Vitaly Shmatikov is an associate professor of computer science at the University of Texas at Austin and visiting scholar at Cornell NYC Tech. Prior to joining the UT Austin faculty, Vitaly was a computer scientist at SRI International. He obtained his Ph.D. in computer science and M.S. in engineering-economic systems from Stanford University.
Vitaly's research area is security and privacy. He received the PET Award for Outstanding Research in Privacy Enhancing Technologies twice, in 2008 and 2014, and was a runner-up in 2013. Having discovered more than 200 high-impact security and privacy vulnerabilities, Vitaly's research group designs, implements, and helps deploy new data protection technologies. Their work won the Best Practical Paper or Best Student Paper Awards at the 2012, 2013, and 2014 IEEE Symposiums on Security and Privacy ("Oakland"), as well as the 2012 NYU-Poly AT&T Best Applied Security Paper Award, NDSS 2013 Best Student Paper Award, and the CCS 2011 Test-of-Time Award. It has been cited in the popular media, rulings and reports by federal regulatory agencies such as the FTC and FCC, law review articles, and legal proceedings.
Title of talk: All Your SSL Belong To Us: Finding Security Holes in SSL/TLS Implementations for Fun and Profit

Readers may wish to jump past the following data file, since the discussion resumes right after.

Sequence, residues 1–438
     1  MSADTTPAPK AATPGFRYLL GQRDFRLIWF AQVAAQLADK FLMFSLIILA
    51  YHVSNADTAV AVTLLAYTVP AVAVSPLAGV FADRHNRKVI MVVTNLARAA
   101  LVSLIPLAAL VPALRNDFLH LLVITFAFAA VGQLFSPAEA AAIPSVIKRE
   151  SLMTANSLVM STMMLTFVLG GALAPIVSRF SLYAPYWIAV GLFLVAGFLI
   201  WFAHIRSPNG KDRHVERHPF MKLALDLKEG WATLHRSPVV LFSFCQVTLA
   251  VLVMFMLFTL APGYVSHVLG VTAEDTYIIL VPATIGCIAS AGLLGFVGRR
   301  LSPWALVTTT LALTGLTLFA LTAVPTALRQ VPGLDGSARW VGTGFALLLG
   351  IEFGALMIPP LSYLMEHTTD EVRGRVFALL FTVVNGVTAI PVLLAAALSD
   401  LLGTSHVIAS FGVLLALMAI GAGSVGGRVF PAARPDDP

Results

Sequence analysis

Abstract: SSL/TLS is the de facto standard for secure Internet communications. Deployed widely in Web browsers and non-browser software, it is intended to provide end-to-end security even against active, man-in-the-middle attacks. This security fundamentally depends on correct validation of X.509 certificates presented when the connection is established.
I will first demonstrate that many SSL/TLS deployments are completely insecure against man-in-the-middle attacks. Vulnerable software includes cloud computing clients, merchant SDKs responsible for transmitting payment information from e-commerce sites to payment processors, online shopping software, and many forms of middleware. Even worse, several popular SSL/TLS implementations do not validate certificates correctly and thus all software based on them is generically insecure. These bugs affect even common Web browsers, where minor validation errors such as recent certificate expiration can mask serious issues such as failure to authenticate the Web server's identity.
I will then analyze the root causes of these vulnerabilities and describe how we used "frankencerts," a new methodology for automatically testing SSL/TLS implementations, to uncover dozens of subtle certificate validation bugs in popular SSL/TLS implementations.